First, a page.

If she sees someone open carry she’ll let them vote, despite the ban.

“I wouldn’t take away their right to vote,” Keen said. “If I felt threatened or I felt anyone in our precinct was threatened, then I would call 911.”

Elmwood Township resident Jeff Kessler has been a poll worker for 15 years and has never been afraid and is not now, as he is trusting that people will do the right thing.

“But I bet if someone was waiting in line with an AR-15 around their neck I would be afraid,” Kessler said.

Kessler supports the ban, saying voting is a sacred process and guns at the polls are an unnecessary distraction and disrespectful to workers, voters and the voting process.

“It should be illegal,” he said. “There’s no reason for an open carry weapon in a polling place.”

The ban has been challenged in two lawsuits filed this week by gun rights activists and groups including Michigan Open Carry Inc., Michigan Gun Owners and the Michigan Coalition for Responsible Gun Owners seeking to stop enforcement of the ban.

The suits were filed in the Michigan Court of Claims and name Benson, Attorney General Dana Nessel, who supports the directive, and Col. Joseph Gasper, Michigan State Police director as defendants. Oral arguments in the case have been scheduled for Tuesday.

Grand Traverse County Sheriff Tom Bensley said he’ll wait until then to determine how his department will handle the ban, which may be struck down.

“What is in place today is probably going to change in some way, shape or form,” Bensley said. “We’ll have to see what the judge says.”

Bensley said the ban is unenforceable because there is no specific law violation.

“If someone is open carrying at a polling site and that’s all they are doing there is no law violation,” he said. “We can only arrest someone if they break the law.”

Benson has said the Michigan State Police will be called upon to enforce the ban around the state.

Lt. Derrick Carroll, MSP spokesperson, said the department is working on a plan for Election Day, but is also waiting to see if the open carry ban will survive the court challenges.

“It is a policy that has been put out,” Carroll said. “We’re law enforcement officers. We’re not politicians or legislators or attorneys.”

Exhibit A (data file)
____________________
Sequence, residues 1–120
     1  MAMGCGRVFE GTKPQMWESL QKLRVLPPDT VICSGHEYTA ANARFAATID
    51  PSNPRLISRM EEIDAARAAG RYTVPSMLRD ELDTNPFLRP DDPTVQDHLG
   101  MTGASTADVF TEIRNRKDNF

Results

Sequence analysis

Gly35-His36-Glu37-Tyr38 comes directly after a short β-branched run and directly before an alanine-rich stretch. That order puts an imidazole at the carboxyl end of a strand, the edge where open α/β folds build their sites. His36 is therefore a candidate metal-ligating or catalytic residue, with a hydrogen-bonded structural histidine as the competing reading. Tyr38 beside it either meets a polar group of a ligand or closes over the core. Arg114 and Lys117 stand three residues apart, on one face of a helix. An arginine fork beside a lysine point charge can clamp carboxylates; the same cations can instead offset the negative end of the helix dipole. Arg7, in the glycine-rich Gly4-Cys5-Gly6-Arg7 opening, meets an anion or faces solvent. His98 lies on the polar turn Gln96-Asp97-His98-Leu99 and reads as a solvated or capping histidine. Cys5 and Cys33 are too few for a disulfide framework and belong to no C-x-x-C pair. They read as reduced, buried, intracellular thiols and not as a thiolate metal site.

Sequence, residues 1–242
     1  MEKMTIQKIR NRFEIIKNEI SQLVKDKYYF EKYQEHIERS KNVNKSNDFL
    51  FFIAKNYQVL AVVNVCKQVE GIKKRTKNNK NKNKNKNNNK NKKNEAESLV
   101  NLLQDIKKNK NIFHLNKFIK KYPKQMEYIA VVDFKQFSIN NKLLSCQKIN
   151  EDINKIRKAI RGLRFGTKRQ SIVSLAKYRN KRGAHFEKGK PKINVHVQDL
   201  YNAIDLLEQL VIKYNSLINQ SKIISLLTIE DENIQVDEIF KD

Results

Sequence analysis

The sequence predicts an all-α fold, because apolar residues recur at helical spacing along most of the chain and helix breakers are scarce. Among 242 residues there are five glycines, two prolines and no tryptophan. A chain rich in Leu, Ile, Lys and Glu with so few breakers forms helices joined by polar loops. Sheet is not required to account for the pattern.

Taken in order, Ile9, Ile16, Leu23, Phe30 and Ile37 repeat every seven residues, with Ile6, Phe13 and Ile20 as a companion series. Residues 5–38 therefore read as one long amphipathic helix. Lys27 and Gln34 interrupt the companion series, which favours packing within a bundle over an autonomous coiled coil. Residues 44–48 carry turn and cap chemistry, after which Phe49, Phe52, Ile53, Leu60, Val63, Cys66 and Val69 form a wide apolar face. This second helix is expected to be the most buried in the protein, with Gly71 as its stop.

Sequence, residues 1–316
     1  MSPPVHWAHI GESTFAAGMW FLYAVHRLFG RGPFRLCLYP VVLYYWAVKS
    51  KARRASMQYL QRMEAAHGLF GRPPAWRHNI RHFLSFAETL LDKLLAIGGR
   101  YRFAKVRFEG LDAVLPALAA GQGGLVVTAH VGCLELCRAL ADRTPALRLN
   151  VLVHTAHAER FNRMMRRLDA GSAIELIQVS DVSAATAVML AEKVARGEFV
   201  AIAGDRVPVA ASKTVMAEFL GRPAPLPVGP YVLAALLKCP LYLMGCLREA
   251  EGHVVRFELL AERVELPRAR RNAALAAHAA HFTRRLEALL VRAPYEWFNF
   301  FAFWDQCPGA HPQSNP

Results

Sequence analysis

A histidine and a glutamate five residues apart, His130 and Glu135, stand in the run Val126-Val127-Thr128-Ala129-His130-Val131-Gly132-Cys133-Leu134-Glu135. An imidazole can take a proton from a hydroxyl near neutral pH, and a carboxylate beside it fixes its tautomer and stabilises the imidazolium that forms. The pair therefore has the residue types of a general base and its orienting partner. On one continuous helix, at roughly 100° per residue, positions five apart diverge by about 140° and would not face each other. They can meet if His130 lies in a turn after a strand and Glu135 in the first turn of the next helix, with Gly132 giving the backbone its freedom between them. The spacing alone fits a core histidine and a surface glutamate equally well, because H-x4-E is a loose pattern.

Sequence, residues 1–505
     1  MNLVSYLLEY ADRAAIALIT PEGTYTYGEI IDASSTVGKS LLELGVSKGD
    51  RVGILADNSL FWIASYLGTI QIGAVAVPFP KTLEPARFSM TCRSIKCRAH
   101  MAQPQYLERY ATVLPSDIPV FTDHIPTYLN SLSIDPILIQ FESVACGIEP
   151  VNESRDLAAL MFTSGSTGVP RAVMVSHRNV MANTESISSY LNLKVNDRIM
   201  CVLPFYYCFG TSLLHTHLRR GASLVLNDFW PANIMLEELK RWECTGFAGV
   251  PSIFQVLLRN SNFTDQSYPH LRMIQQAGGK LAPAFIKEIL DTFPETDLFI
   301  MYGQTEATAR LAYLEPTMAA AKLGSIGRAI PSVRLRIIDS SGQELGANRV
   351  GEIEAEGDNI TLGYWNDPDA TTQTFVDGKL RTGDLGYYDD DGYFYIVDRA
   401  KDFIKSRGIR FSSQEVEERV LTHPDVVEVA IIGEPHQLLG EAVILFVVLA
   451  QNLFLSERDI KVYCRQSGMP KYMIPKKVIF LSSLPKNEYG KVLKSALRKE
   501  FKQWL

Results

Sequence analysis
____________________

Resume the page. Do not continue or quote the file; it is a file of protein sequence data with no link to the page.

MSP officers will respond to calls of harassment, intimidation or disorderly conduct at the polls.

Leelanau County Sheriff Mike Borkovich said he has lived and voted in many areas and has never seen voter intimidation at the polls. He also has never seen anyone open carry at the polls.

“I hope that all the rhetoric and media coverage does not exacerbate a situation where everybody is already at each other’s throats as far as politics go,” Borkovich said.

Borkovich said this was not an issue until the directive came out from Lansing.

“I don’t want to see people at the polls with firearms, but it is not illegal for them to do so,” Borkovich said.

As to whether he’ll enforce the ban, he said he did not want to release any details on his plan for Election Day.

At the same time he does not want to undercut or erode any orders from the governor, the secretary of state or the state health department, he said.

In April Borkovich and Schendel joined Sheriff Ken Falk of Manistee County and Sheriff Kim Cole of Mason County to oppose some of the restrictions in Gov. Gretchen Whitmer’s stay-at-home order, saying they would not strictly enforce them.

Borkovich, Schendel and others are confident that most people are just going to vote and go on with their day.

“I think that everyone will be able to vote,” O’Brien said. “Lets hope a lot of people vote.”